-I was getting pretty even energies at a given speed. The larger wheels rotate slower, this cancels out the increased MoI?
    -the advantages in moments of inertia in different wheel sizes goes away if you use heavier tires!
    I did some calculations about contact patch and angle of attack as well. I think angle of attack comes into play when people talk about how much more fun 26 is because you can “feel” the trail better.
    Wheel durability is something that I feel is not being addressed. For the casual rider concerned about fun and not STRAVA or race times, it might be nice to have a wheel that you don’t have to true as often…

  • john-b

    The kinetic energy calculations are for just the moving wheels themselves, in isolation, if I understood correctly. To understand the impact on the rider (that is, what the rider might actually notice), would it be better to look at the delta in kinetic energy for the entire system (that is, including the rider and the rest of the bike)?

    If we assume a 180 lb rider on a bike which weighs about 26 lbs not counting the wheels (206 lbs / 2.2 = about 94 kg), then the kinetic energy of the rest of the system is 0.5 * 94 kg * (10 m/s)^2 = 4700 J.

    26: Ek = 4700 + 694 = 5394 J (-0.7% change from 27.5)
    27.5: Ek = 4700 + 730 = 5430 J
    29: Ek = 4700 + 779 = 5479 J (+0.9% change from 27.5)

    Another way to look at it is that 36 J delta between 26″ and 27.5″ wheels at 10 m/s is the Ek for a mass of 0.72 kg, or 1.6 lbs. So if you put a 750 mL water bottle on your bike, you would notice that about as much as the difference in the wheel change for accelerating and decelerating, based on the kinetic energy view of things. This is not taking into account the angle of attack or any other factor.

    I am an electrical guy, not mechanical, so if I messed something up in the math please feel free to slag me mercilessly.

  • ReductiMat

    This is great!

  • burnbern

    Can’t wait for more! I love actual numbers…

  • Gravityfreak

    Really really enjoyed this thanks Keith. Looking fwd to the next installment!

  • Kevin_m31

    Actual numbers with assumptions listed, holy cow batman I thought this was the bike industry. Random numbers and unsubstantiated %gains are all I’ve ever wanted.

    A few thoughts I would put forth. The static weight may not mean much towards rolling, but if your trying to flick the bike around and such you will feel it. It’s also weight at the extremes of the bike which means you need to use more force to move it around then say if it were in the middle of the bike. You can also apply the “unsprung mass” buzz term as well. Another factor for decreased strength with bigger wheels is that you have a larger leaver for a taco-rifec time.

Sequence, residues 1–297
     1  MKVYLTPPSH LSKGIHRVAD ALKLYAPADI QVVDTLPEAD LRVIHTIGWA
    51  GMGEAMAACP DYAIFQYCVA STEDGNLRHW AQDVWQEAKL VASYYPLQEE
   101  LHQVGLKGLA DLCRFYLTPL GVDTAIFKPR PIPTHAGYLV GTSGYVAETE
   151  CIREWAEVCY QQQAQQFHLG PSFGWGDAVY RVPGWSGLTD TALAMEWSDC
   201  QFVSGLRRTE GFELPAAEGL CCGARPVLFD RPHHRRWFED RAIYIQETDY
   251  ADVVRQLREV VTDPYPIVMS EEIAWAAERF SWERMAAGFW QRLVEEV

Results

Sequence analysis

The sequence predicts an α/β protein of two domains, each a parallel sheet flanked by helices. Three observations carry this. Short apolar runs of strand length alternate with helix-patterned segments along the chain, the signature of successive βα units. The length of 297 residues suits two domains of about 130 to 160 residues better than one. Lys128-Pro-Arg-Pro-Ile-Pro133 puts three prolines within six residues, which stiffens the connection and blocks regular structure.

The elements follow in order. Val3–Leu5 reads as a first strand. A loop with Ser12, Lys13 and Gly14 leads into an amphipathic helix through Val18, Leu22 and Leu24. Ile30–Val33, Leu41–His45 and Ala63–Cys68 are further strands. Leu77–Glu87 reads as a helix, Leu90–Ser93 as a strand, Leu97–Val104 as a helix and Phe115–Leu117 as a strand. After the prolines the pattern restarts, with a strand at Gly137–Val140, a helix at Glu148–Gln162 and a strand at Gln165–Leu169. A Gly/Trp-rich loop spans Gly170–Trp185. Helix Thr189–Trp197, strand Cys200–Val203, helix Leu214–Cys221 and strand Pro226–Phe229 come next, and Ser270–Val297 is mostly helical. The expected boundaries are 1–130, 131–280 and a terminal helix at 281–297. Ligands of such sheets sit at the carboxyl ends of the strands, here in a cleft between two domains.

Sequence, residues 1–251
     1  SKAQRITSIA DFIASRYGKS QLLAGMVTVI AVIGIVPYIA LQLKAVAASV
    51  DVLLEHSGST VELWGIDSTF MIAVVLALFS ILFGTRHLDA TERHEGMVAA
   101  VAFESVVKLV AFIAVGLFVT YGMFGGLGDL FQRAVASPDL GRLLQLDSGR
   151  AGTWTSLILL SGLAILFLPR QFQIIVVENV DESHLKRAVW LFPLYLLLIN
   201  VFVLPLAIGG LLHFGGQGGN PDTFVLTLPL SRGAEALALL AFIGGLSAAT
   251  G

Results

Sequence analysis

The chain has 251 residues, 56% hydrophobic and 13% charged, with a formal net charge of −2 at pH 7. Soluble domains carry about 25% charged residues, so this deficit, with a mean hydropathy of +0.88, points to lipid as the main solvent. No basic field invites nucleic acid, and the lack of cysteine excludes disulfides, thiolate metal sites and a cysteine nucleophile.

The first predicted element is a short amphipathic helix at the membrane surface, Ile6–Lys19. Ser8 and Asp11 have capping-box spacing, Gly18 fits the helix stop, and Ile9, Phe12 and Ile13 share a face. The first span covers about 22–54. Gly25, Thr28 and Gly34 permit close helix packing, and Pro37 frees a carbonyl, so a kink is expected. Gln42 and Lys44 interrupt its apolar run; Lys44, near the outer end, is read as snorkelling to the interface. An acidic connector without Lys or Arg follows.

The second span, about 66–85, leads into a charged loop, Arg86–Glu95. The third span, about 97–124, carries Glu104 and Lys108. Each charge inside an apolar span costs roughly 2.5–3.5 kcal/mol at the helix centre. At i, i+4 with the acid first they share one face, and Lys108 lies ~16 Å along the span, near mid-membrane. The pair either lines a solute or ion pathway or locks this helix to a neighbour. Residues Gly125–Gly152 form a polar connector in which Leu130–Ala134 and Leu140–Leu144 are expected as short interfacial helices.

Good stuff though guys!

  • gwh

    Nice work!
    I suppose one could put some numbers to “flickability” by analysing the force input at the crank arm and handlebars to change the direction of the angular velocity in a set time frame. How much harder is it to table a 29er than a 26 on a 4ft high jump at 30km/h? Physics has the answer!

  • builttoride

    John b: I was just choosing to keep this article purely to wheel size, but you are correct that there are soo many other things to consider, and that wheels are just a small part of things. Since this article seems to have gone down pretty well (I wasn’t sure anyone would actually read it), I may go on and write many more than look at all dfferent aspects of riding physics to put things in perspective.

    Kevin: Actually the ‘flickability’ most the time has a lot more to do with gyroscopic affect than static weight if turning wheels or whiping bike out etc are considered. http://www.youtube.com/watch?v=NeXIV-wMVUk this segment of a lecture shows how the front wheel being turned helps you do big moto whips. Since gyroscopic factors are governed by both moment of inertia, and rotational speed, static mass will become a smaller factor the faster you are traveling unless it is a purely vertical ‘flick’ lke a bunny hop.

    gwh: you are right… go for it and let us know what you calculate!

  • john-b

    That would be great Keith! I have always wanted to see this type of analysis. Look forward to your future articles.

  • Johnny Laroux

    Great article. I look forward to further updates!

    It’s so nice to see an article like this about the dreaded wheel size debate where the standard comment is “29ers suck” or “29ers are gay” like is so common on another popular bike forum, who’s name shall not be mentioned. This kind of unbiased information that isn’t based on marketing, or someones perceived idea that 27.5 and 29″ bikes even though they have never ridden one, is very refreshing. Keep it coming!